What are you trying to win?

I recently read the amazingly funny book You’ll Grow Out of It by Jessi Klein which led me down a rabbit hole of reading other funny things she produced and wrote. Klein is the head writer on the Amy Schumer show and the writer of this sketch about a group of pregnant women sitting around trying to one up each other about how natural their births are going to be. If you don’t watch it I’ll give you the gist here:

Woman 1: I’m giving birth into a tub of organic quinoa

Woman 2: Oh, yeah, I’m giving birth on top of a high peak in Nepal to get away from western medicine. My doula is a Sherpa.

Woman 3:My doula is a 3 month old baby so she really gets it.

You get the idea. Klein mentions this in light of a friend of hers who asked her once when she was complaining about something child or career related and comparing herself to others -what are you trying to win? I think it’s a good question to ask oneself any time you get overly worked up in comparing yourself to others.

I thought about it a lot this summer when I was on the beach observing teenage girls and young women taking photos of themselves. I work with middle school kids. I’m well aware of the influence of social media and selfie culture. But I was still grossed out by the number of young women I saw spending all their time on the beach getting the perfect shot.

Who am I to judge?

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I included this picture that I’m sure a friend took of me in my bedroom at age 16. The poster, the hair, the come hither expression. I have no doubt that if I were a teenager today I would have posted this. Ugh, it grosses me out to even think about it. But that’s what the kids do. They work hard at posting. The various groups of young women I observed spent almost their entire beach time  working on getting the perfect -casual, sexy, good time image. If I were a kid not included in this outing, I would look at that picture and think, “Everyone is having a good time without me. My life sucks.”

As adults we’re not immune to this either. How many times have you looked at the photos someone else posts on instaface and thought to yourself, “Their vacation is so much better than mine. My life sucks.” A friend of mine recently posted pictures of her camping trip with two young kids. As a caption she added that the pictures did not include her driving home because they forgot the sleeping bags or the time spent chasing their fire-obsessed one year old away from the campfire. I really appreciate these attempts at realism. It made me appreciate and more fully understand her experience.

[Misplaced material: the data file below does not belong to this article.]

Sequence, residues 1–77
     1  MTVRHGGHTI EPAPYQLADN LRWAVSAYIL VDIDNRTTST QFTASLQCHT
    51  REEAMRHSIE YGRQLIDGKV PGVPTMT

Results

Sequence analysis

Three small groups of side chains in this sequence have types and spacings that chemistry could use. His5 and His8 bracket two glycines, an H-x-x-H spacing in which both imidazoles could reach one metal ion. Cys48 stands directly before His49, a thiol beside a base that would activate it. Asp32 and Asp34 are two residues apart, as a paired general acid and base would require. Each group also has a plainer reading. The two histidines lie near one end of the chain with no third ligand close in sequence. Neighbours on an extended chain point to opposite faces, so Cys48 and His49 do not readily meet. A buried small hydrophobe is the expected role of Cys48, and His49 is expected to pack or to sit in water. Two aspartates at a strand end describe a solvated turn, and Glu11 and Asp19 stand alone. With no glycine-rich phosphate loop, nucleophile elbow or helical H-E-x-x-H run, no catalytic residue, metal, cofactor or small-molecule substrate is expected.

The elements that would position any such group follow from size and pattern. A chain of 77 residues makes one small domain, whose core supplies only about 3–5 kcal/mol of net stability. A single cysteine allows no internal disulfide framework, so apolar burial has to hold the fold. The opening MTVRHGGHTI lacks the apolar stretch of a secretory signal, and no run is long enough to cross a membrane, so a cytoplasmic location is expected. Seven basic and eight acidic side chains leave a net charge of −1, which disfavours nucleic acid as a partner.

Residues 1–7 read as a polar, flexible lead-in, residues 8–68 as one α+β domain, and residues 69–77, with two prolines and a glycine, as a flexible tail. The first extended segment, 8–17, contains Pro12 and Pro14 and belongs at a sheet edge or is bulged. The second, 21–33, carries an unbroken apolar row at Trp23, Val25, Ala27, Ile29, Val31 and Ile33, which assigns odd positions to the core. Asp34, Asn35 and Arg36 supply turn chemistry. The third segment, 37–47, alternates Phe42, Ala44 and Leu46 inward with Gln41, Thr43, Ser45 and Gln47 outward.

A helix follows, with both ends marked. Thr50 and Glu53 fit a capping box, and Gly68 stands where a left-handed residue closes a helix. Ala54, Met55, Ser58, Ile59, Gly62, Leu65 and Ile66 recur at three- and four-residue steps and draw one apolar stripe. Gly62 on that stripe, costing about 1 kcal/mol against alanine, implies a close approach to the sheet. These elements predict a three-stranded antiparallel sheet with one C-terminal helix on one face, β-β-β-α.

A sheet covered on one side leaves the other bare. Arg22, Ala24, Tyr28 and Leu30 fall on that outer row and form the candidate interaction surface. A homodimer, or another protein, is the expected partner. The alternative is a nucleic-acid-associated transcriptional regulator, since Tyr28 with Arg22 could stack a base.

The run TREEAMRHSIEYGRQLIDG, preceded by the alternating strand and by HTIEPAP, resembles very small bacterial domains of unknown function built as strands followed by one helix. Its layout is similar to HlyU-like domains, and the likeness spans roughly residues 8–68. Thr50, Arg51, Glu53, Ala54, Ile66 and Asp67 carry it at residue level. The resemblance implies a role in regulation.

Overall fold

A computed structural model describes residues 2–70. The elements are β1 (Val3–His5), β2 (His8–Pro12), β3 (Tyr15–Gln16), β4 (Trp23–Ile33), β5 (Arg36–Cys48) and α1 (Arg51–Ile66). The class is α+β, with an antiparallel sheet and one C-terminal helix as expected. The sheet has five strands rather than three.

But why shouldn’t we curate our best lives on social media? No one wants to go to a museum and see all of Picasso’s crappy failure paintings? Right? Maybe not. I was recently given the gift of The Moth -a paperback version of 50 stories from the storytelling podcast. In the introduction I came across this gem, “The number one quality of great storytellers is their willingness to be vulnerable, their ability to tell on themselves.” Maybe it is in fact our rainy days, our toddler meltdowns, our flabby bellies that make the better story and endear us to those we love.

When we curate and photoshop our lives the way advertisers photoshop women’s bodies do we make ourselves as unattainable and unrelatable? Are we losing the present moment because we’re so busy composing the perfect shot? And to what end?

What are we trying to win?

I don’t know. I do know that I spent last weekend away from my family with plenty of time to mull these things over. I went for a walk on Sunday morning down a long scenic country road. At one point a deer walked out right in front of me. So of course, I reached for my phone.

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No Excuses

It’s been an insane 6 weeks since the book launch party and I’m very sorry not to write this sooner. Between crocheting my kids Halloween costumes and cleaning the baseboards it’s been rough. Okay really just regular life stuff but it’s nowhere near as good as the image of me crocheting anything.

Here is my favorite picture from the book launch party at Mechanics Hall Library.

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I’m really hoping none of these children read my book before they’re in high school or at least that they have very permissive (preferably Unitarian or reform Jew) parents.

It was a blast. I’m so grateful to everyone who came out and made it fun and special. So thanks! I know I have more pictures somewhere but I can’t find them so here is a random pic from high school.

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By the way, I so knew this picture was being taken. This is just me being cute and pretending to be surprised. Also, these white v-neck t-shirts were a major wardrobe staple for longer than I’d care to admit.

If you’re in the Boston area and you have a lot of anxiety the night before the election please come join me and 3 other amazing YA author friends to talk books at Porter Square Books in Cambridge November 7th at 7pm. Love to see you there.